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Jiddisch: Geschichte und Kultur einer Weltsprache, by Marion Aptroot and Roland Gruschka. Beck’sche Reihe 1621. Munich: C.H. Beck, 2010. 192 pp. $15.90.
While Yiddish may have endured more than its share of popularizing by non-experts like Leo Rosten a generation ago (Joys of Yiddish, 1968) and Neal Karlen (The Story of Yiddish, 2008) more recently, the interested Anglophone reader is nonetheless well supplied with a variety of types of expert and competent introductions to the character, history and structure of the Yiddish language, ranging from Max Weinreich’s masterful multivolume History of the Yiddish Language (Yidd., 1973; Engl. 2008), to Solomon Birnbaum’s Yiddish: A Survey and a Grammar (1979), to Neil Jacobs’ meticulous Yiddish: A Linguistic Introduction (2005)—all three for linguists—and Dovid Katz’s more popularly accessible Words on Fire: The Unfinished Story of Yiddish (2004), all written by scholarly experts who are thoroughly conversant with both the language itself and the broad range of scholarship in the various relevant fields of research. While there may be fewer book-length surveys of Yiddish in other languages, there are nonetheless some very useful ones, such as Jean Baumgarten’s Le yiddish (1990) and Eva Geller’s Jidysz: język Żydów polskich (1994).
German, like English, has had its share of popularizing books that often make experts cringe. The book under review here, by Marion Aptroot (Professor of Yiddish at the Universität Düsseldorf) and Roland Gruschka, immediately and clearly sets itself apart from all that ilk and provides German readers with a thorough and expert general introduction to the history and character of the Yiddish language. While aiming for a lay audience, the authors construct their subject neither as a prompt for quasi-vaudeville-esque jesting nor nostalgic mame-loshn sentimentality, but rather as an object of scholarly research to be made accessible to a general readership. They make copious use of literary examples throughout the book (transcribed using an idiosyncratic, Germanized system, and translated into idiomatic German), but indicate already at the outset that their purpose is a survey of Yiddish language—not literary—history. In nine brief chapters (each with a very brief and idiosyncratic list of further readings at the end of the book), organized generally chronologically, the linguistic and cultural history of Yiddish is unfolded from its beginnings a thousand years ago in Central Europe to the scattered Hasidic communities of the twenty-first century, where—alone—the language still thrives as a community language.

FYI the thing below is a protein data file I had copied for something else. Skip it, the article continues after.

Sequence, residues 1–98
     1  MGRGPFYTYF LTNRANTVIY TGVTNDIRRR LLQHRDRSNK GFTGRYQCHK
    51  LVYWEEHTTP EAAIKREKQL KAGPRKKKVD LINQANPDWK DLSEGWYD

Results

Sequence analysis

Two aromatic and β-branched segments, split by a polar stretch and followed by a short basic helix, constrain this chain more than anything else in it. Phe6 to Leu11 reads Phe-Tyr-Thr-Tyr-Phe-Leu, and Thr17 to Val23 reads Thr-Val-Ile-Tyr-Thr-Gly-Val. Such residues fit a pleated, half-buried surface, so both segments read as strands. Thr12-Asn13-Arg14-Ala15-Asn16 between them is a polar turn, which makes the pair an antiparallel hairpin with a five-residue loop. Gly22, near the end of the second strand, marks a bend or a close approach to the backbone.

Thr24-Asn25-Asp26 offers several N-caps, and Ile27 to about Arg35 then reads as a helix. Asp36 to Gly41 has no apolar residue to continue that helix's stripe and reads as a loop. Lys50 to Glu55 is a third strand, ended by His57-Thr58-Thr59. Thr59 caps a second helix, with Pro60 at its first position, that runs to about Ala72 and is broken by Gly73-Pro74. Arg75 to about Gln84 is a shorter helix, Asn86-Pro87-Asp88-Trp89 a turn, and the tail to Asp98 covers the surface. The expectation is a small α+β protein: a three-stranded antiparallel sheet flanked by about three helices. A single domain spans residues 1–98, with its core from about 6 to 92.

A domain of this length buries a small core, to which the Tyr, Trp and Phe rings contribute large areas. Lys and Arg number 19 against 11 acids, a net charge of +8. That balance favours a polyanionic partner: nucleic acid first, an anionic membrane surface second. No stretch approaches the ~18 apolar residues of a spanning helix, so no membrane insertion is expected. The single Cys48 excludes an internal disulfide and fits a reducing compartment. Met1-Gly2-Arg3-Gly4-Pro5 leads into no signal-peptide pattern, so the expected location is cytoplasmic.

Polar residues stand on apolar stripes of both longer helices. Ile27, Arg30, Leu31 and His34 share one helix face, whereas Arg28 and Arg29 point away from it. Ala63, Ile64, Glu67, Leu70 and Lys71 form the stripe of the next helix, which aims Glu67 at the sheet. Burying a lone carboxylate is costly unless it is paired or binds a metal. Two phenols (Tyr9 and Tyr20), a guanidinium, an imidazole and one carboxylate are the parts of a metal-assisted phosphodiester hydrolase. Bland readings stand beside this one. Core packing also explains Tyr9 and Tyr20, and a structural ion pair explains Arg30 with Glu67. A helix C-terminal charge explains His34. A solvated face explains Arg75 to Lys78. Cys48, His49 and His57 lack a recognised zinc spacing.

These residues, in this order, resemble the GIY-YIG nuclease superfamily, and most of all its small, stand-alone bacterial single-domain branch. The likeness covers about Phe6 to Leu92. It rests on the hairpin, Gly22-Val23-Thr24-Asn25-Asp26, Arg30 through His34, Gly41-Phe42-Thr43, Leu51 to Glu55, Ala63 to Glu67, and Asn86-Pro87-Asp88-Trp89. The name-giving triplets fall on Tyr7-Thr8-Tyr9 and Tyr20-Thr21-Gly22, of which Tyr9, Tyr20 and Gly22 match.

As a popularizing summary of the current state of scholarly knowledge concerning the history of Yiddish, there is, on the one hand, nothing new here; on the other hand, it is a cogently written summary for an educated lay audience, with examples and explanations well-chosen and tailored to the specific expectations of a German-reading audience. While the subchapters and sub-subchapters are of the length and sometimes almost approach the tone and form of encyclopedia (not quite Wikipedia) entries, relieving the authors of the need to bind the sections together to form a whole narrative—which, as language history, is after all their chosen genre—the chronological order of presentation generally manages to provide an organizational thread. After the requisite initial bow to the issue that seems of inevitable interest to German-speakers—whether Yiddish is really not just a corrupted German dialect (most emphatically refuted here)—the authors take the reader on a tour of the fusion/component nature of Yiddish, its conditions of origin in immigrant communities in medieval Central Europe, the brief flourishing of Yiddish in sixteenth-century Italy, the exile and immigration of Yiddish-speakers to eastern Europe and the development of dialectal distinctions between East and West Yiddish (before the decline and demise of the latter), the rise of the Haskalah, Hasidism and its opponent in misnagdes, emigration from eastern Europe around the world, the Hebrew-Yiddish language conflicts, the post-WWI eastern European blossoming of Yiddish-language culture, the Holocaust, Soviet language planning, and the post-WWII situation, including along the way some brief attention to the phenomena of early Yiddish literature and later of the classic authors Sholem Abramovitsh, Sholem Aleichem, and Y. L Peretz.
In addition to her many other scholarly publications in the field of Yiddish studies, and alongside her earlier introductory Yiddish language textbook (Einführung in die jiddische Sprache und Kultur, 2002), Aptroot’s publication of this history of Yiddish seems the next key component in her shifting the identity of Yiddish studies in Germany from a secondary sub-discipline of German studies to a scholarly and university discipline in its own right. It is a welcome development.
Jerold C. Frakes
University at Buffalo